Scientists at the University of Adelaide have observed the way that zinc interplays with one of the deadliest bacteria, Streptococcus pneumoniae, which kills more than one million people a year by causing pneumonia, meningitis, and other serious infectious diseases. The bacteria need to feed off manganese, an essential metal, in order to thrive and attack the body. Zinc interferes with that process, and stops manganese reaching the bacteria.

Zinc is antagonistic to cadmium; selenium decreases toxicity of cadmium and mercury; zinc and manganese help bring copper levels down. Zinc will also reduce absorption of iron. Zinc is often used in combination with ascorbic acid (vitamin C) to reduce high serum (blood) copper levels. Pregnancy, Hodgkin's disease, oral contraceptives, infections, and leukemia, increase the ratio of copper over zinc. The diet that has been pushed for decades - high-carb/low-fat - also makes the copper overload worse (and, it turns out, contributes to diabetes and many other health problems - how did such a diet ever catch on?!).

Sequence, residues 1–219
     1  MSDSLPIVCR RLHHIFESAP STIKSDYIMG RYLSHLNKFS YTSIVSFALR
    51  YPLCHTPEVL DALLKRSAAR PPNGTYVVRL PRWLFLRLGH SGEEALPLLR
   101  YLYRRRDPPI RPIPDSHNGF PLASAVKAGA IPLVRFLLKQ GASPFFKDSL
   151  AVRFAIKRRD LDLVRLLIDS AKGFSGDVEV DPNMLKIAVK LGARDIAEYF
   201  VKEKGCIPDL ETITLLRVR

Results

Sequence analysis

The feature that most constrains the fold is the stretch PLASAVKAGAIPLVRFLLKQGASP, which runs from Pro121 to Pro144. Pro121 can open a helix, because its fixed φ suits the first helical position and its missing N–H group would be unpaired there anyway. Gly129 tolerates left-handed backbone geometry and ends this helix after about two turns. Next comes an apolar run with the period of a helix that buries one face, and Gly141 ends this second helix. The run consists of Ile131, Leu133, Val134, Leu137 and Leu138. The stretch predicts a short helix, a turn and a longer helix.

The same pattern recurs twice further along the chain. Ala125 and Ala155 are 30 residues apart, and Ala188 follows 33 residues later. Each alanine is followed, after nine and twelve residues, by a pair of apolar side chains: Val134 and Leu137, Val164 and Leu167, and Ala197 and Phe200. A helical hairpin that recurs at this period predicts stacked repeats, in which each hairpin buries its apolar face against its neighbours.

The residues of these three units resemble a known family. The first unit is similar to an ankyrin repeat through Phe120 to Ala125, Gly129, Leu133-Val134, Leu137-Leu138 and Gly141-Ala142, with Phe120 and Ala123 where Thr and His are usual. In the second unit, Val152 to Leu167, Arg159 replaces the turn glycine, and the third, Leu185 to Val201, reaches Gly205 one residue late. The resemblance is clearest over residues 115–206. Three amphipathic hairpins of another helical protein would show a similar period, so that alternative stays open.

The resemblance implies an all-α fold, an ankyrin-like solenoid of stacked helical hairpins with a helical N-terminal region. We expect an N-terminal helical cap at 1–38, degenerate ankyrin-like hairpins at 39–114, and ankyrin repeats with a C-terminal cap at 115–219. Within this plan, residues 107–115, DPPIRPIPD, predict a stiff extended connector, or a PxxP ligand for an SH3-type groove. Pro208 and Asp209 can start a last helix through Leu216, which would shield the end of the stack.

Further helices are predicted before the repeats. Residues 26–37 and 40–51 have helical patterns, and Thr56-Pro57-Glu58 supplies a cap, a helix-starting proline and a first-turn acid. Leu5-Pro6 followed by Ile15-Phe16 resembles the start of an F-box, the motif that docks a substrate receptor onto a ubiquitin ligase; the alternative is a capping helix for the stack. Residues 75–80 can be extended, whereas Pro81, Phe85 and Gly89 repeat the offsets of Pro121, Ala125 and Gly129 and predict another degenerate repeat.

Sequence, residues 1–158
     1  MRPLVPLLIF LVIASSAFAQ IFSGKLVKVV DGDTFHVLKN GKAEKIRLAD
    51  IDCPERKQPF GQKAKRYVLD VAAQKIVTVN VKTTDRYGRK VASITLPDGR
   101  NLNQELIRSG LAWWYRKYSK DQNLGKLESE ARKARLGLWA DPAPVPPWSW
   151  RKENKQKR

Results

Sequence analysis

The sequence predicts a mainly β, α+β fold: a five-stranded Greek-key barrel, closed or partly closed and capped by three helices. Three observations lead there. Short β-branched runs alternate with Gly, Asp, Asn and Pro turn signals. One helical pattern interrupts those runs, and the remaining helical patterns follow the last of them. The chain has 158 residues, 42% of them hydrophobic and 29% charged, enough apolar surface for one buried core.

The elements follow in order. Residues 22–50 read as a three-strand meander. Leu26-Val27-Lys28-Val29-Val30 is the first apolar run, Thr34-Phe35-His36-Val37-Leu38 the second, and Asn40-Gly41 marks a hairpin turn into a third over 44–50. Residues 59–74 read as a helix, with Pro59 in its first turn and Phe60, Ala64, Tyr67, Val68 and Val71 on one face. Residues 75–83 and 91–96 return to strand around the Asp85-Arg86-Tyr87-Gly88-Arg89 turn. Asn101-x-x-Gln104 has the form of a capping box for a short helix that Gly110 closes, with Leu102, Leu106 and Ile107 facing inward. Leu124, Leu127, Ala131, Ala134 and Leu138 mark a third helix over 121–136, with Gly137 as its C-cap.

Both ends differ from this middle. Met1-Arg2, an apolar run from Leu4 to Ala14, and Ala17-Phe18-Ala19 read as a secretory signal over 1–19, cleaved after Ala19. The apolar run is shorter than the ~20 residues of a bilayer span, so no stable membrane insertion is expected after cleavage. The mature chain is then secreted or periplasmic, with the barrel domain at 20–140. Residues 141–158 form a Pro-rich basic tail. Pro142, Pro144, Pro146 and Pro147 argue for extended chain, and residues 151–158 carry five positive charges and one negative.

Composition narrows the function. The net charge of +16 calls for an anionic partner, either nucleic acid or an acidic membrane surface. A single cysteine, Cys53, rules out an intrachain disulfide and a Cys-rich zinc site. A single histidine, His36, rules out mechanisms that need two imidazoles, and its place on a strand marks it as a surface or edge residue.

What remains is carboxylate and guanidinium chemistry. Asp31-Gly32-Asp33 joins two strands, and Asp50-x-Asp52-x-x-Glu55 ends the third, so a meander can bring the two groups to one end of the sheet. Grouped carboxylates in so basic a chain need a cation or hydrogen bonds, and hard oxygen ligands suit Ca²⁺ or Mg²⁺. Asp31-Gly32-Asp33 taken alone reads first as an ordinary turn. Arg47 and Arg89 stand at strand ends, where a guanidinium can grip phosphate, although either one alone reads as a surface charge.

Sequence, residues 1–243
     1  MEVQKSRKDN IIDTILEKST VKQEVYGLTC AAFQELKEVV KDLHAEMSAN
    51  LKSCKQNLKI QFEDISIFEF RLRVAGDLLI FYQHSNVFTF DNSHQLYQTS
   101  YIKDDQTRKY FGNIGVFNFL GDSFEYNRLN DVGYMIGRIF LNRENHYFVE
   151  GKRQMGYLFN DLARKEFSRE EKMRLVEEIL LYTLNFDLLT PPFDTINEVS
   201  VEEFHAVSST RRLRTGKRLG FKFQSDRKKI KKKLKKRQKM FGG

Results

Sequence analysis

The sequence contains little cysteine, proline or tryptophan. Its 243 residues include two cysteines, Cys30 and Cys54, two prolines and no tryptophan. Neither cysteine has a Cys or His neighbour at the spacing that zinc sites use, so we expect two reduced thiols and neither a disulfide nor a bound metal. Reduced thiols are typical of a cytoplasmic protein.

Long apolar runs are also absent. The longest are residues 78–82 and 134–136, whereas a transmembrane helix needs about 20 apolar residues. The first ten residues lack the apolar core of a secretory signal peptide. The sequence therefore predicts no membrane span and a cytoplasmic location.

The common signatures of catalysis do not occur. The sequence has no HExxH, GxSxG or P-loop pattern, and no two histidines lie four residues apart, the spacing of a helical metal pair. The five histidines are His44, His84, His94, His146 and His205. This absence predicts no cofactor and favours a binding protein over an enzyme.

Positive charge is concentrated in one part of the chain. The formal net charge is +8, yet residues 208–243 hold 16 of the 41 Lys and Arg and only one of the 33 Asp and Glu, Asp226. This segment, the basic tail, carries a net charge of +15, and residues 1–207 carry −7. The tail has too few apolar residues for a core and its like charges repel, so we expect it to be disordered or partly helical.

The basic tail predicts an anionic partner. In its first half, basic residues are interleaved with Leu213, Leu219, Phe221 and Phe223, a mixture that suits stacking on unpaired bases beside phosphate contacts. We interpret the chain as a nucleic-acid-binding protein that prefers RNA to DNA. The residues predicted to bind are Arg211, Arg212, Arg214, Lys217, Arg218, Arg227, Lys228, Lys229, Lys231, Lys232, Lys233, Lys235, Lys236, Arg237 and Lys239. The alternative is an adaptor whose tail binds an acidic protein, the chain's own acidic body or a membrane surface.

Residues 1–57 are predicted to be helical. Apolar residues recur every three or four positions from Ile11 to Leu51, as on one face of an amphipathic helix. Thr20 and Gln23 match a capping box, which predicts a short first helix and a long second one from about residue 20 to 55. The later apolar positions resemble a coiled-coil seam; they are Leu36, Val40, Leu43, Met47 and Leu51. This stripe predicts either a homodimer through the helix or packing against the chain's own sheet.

Vitamin E doesn't work without zinc and manganese, and it's enhanced by selenium (but treponemas, the spirochete-type bacteria in dental abscesses, feed on selenium, so caution is suggested). Also, both manganese and zinc are needed for healthy bones, in addition to magnesium (calcium in fact, is not the most important mineral for bones).

After a few months on liquid ionic zinc, I moved to unrefined sea salt (Celtic sea salt is one). The book "The Calcium Lie II" explains that our foods don't contain the minerals they once did because of mineral-depleted soil and lack of vine ripening. Fortunately, our oceans and salt beds contain all of the minerals and trace minerals we need to be in perfect health.